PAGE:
Some Advocates Say the Cost Is Still Too High

On Twitter, however, some people disputed Walmart’s claim that the new products “will revolutionize the access and affordability to diabetes care,” pointing out that the $73/vial price tag is still too steep for many and far more than the price of analog insulin in other Westernized countries.  

Long-time diabetes advocate Kelly Rawlings (@KellyRawlings) tweeted: “Rapid-acting insulin analog (for mealtime dosing): Walmart’s private label insulin brand pen or vial, for diabetes. Vial $72.88. Why not $7.30?”

And Hilary Koch (@HilaryKochME), policy manager for T1International, an advocacy organization that does not take pharma funding, tweeted: “Walmart insulin for $75? Even my 15yo figured out that this was a smokescreen to keep lawmakers from taking real action. $75 x 3 = $225…Hey, Pharma. We see through you. We need a federal price cap. #insulin4all”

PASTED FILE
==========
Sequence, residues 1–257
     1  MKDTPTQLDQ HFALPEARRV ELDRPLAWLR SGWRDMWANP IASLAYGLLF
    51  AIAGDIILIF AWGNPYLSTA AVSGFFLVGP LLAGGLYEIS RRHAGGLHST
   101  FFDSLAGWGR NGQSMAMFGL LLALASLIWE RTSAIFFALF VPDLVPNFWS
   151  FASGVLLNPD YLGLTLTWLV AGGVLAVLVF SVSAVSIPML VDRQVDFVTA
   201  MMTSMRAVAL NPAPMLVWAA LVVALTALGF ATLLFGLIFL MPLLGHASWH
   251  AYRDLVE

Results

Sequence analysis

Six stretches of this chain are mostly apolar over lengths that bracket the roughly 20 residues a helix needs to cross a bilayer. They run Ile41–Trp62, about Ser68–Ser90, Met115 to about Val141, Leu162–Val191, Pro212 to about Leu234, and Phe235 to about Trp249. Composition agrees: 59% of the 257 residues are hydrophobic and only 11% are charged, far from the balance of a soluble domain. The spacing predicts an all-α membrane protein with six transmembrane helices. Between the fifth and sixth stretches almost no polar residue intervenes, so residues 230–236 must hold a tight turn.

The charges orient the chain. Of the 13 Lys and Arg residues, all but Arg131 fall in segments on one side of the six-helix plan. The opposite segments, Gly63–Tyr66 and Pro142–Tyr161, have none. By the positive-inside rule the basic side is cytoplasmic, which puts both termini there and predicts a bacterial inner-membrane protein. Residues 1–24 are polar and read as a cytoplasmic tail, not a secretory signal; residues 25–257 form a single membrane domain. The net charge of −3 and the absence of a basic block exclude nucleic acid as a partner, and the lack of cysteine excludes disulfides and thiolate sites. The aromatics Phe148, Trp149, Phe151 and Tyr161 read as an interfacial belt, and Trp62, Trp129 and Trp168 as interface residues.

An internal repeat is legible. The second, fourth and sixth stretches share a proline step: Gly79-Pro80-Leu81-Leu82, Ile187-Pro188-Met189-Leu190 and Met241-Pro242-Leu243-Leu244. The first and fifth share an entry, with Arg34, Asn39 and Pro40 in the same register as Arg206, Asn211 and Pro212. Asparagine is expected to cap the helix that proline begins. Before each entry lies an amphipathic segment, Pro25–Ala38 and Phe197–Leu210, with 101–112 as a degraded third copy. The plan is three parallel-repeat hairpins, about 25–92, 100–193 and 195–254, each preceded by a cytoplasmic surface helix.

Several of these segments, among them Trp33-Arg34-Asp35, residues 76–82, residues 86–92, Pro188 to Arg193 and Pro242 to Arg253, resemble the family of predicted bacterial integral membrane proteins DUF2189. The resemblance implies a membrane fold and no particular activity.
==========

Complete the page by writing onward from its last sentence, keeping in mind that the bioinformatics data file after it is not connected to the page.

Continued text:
Miriam E. Tucker is a freelance journalist based in the Washington, DC, area. She is a regular contributor to Medscape, with other work appearing in The Washington Post, NPR’s Shots blog, and Diabetes Forecast magazine. She is on Twitter: @MiriamETucker.

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“Overbasalization” Common in Type 2 Diabetes Management

Overuse of basal insulin rather than adding therapies that target mealtime glucose levels is a common problem in primary care management of type 2 diabetes that impedes achievement of optimal glycemic control, new research suggests.

Such ‘overbasalization,’ defined as a hemoglobin A1c of greater than 8% despite use of more than 0.5 units/kg per day of basal insulin, was identified in about 40% of patients seen in a Florida primary care clinic during 2015-2018. The findings were published in the April 2021 issue of Clinical Diabetes by Kevin Cowart, PharmD, a diabetes care and education specialist at the University of South Florida, Tampa, and colleagues.